Questions for Adolescent Middle School Students

What is the size of the student?
How tall is the student?
Was the student loud or quiet?
Was the student shy or outgoing?
Does the student like school?
What was the students behavior like?
Does the student have difficulty reading and writing?
Does the student have a disability?
What new experiences at home affect the student positively or negatively?
What stories does the student convey?
Is the student honest?
Does the student have manners or is he/she often rude?
How does the students homelife affect him/her in the classroom?
Does the student misbehave often in the classroom?


Behavior questions
Have you ever felt that you were unfairly targeted by a teacher or punished unfairly in the classroom?
Do you often get in trouble in the classroom?
When you are doing group work do you often fool around and not participate with your classmates?
If you often get in to trouble, why do you feel this is happening?
Does the teacher often ask you to stop talking?
Do you typically follow the instructions the teacher provides in class?






Learning questions
Do you think that the homework that you complete helps you for the upcoming test?
How is using the Chromebook in your classes affect the way you learn in the classroom?
Do you have trouble with your Chromebook in such a way that it interferes with your learning?
What type of activity do you like the most and why?  
Do you like to do group work?
What kind of learner are you?  Listening, Viewing, or doing (Visual, Auditory or Kinesthetic)
Do you typically do well on assessments?
Do you ask for help from your teacher or do you wait for the teacher to come to you?
What subject do you like the best?  Why?
What subject do you like the least?  Why?







Study habits
When you get home what is the first thing that you do?
Do you play video games?
Would you choose to play a video game first before your homework or your homework before
a video game?
Do you do your homework most of the time?
How long do you need to study for a test?


Relationships
Do you typically get along with your classmates?
Do you help other students in the class?
Do you ask other students in the classroom for help?
What teachers do you like the most and why?
Do you like to do group work with your classmates?



Monday, September 22, 2014



  "We do not construct our life stories on our own.  We are rather, in a constant state of cocreating who we with the people with whom we are in the closest connection and within those contexts that hold the most meaning for our day-to-day existence". (Nakkula and Toshalis p.6)


As I read the first chapter in the book called Understanding Youth by Michael J. Nakkula and Eric Toshalis, I immediately thought of my students that I taught in the past nine years. There were students that I was able to relate to and students whom I was unable to reach.  I recognize that not all students were going to like me however; I wanted to be viewed as fair and respectful educator.  Since I taught everyone in the school, I recognized that it was difficult to connect with each and everyone of my students.  The students that I had the most difficulty with usually concerned me the most.   My main concern about my inability to connect with a specific student forced me to question myself as an educator and to ask others if they were having the same difficulty as me.  The quote I stated above by Nakkula and Toshalis made so much sense to me.  I look at my relationship with students as a partnership for learning. I recognize there is a lot of things that students can learn from me as well as a lot of things I can learn from my students.  The authors suggest that we as educators can have a huge impact on the students stories. The students are constantly recreating their stories based on their experiences with the world and all of us as educators. We as educators can have a huge impact on the students depending upon our connection with them throughout their learning.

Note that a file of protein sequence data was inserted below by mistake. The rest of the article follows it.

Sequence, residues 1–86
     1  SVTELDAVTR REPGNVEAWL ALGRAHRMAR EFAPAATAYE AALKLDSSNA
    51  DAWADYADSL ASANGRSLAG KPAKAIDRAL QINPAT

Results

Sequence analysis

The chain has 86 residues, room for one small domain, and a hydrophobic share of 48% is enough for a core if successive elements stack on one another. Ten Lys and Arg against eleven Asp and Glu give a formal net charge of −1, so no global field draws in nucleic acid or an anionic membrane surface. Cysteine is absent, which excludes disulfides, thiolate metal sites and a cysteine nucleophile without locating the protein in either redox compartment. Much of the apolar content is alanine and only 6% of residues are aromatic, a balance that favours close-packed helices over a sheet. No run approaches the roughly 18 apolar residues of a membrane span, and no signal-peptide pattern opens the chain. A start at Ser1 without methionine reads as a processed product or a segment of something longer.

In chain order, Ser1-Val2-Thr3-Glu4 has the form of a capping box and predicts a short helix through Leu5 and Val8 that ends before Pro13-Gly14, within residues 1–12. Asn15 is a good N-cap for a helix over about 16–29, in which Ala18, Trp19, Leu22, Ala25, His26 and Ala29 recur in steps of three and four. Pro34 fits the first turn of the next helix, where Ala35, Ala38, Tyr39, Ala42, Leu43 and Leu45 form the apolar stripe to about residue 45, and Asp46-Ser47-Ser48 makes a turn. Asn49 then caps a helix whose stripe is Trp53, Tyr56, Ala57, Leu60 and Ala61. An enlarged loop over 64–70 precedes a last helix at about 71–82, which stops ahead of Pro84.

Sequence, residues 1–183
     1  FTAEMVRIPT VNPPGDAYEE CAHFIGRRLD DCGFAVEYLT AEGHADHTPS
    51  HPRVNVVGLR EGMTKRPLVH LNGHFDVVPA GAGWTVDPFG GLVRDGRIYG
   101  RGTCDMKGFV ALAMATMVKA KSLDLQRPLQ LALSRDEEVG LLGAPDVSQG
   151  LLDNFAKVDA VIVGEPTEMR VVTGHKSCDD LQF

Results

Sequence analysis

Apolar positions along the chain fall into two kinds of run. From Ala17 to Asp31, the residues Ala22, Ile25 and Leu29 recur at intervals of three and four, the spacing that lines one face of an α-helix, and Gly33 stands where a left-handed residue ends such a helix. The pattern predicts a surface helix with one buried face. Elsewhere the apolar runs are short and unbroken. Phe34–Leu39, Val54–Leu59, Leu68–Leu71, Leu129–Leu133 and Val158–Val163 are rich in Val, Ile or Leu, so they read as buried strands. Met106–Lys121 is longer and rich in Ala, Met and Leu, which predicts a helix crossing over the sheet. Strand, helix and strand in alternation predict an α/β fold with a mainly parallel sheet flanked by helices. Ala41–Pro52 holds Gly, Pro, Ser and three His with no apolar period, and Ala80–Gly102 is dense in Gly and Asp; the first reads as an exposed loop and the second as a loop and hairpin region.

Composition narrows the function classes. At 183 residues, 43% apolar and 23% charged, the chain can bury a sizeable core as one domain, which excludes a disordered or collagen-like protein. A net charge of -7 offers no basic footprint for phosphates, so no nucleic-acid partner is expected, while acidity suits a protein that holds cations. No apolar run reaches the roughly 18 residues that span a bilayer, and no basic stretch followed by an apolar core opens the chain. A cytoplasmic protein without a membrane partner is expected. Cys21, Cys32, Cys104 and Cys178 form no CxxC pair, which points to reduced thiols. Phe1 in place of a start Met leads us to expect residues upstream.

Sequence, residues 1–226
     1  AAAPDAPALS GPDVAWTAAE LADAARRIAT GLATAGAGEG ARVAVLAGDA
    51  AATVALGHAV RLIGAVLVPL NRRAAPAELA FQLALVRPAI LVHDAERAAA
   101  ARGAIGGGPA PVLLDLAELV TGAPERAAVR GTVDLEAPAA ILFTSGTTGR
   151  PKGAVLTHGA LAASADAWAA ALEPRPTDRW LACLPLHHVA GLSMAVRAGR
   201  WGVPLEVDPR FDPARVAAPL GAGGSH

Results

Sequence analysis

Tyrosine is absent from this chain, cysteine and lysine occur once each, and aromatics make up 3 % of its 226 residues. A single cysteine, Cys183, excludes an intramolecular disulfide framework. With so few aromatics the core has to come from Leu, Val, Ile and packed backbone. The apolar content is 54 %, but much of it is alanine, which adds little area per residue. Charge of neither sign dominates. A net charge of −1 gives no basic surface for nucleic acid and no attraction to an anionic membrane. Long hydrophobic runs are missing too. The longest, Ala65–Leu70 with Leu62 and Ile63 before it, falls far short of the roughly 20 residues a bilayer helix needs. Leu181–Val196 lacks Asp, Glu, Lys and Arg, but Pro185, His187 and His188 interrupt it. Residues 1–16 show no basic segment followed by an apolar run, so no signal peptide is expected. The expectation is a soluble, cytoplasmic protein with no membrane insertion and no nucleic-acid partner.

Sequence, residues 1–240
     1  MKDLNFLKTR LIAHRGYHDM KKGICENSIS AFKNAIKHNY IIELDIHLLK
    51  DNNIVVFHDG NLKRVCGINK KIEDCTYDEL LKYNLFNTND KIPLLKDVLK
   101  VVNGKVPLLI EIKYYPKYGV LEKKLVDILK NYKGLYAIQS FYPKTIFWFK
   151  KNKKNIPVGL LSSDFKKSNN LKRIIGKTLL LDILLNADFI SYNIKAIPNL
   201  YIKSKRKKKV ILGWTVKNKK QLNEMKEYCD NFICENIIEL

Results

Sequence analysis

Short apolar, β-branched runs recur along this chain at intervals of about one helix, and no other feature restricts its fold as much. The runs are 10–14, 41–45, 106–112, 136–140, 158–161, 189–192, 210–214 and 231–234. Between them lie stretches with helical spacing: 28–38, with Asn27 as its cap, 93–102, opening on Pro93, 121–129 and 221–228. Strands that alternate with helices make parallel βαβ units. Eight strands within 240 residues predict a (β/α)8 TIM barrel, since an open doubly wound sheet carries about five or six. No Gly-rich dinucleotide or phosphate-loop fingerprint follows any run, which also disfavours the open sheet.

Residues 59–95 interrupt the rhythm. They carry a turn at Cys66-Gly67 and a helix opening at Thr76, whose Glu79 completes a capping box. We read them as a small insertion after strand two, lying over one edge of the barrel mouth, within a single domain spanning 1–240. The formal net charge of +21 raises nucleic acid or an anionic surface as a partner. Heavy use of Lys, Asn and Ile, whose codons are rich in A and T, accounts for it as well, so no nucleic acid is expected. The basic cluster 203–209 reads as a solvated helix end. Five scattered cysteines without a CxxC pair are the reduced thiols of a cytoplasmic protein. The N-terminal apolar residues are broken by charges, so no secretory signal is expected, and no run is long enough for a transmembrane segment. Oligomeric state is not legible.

In the situation between Danielle Petersen, World Literature Teacher and the student named Antwon, there was conflict between the two because of a lack of understanding of each other. The author suggests the conflict is due to Antwons’ concern with his own future and how his teacher is going to become  part of his story. Furthermore, Antwon has a need to determine whether or not his teacher will help him succeed or be an obstacle that he feels the need to challenge. From my reading, I believe that it is not as simple as blaming the student for his or her behavior. The educator must question whether or not they have spent enough time getting to know the student as a learner.  In my experience, half the battle is to create a positive environment for learning and establish a relationship with the students. Once you accomplished the first two then it the learning part becomes that much easier.

The irreconcilable relationship between the teacher and the student in this case was due to the students fear of failure and the teachers fear of being out of their comfort zone and their failure to look deeper into the reasons for his bad behavior.  As described in the scenario, the teacher was described as being "out of her comfort zone" and her feelings of having "lack of credibility or culture capital". The most important focus of the teacher is to ensure that she has control of her class and when she felt she was loosing control the focus was on the students and their behavior.

About Michael J. Nukkula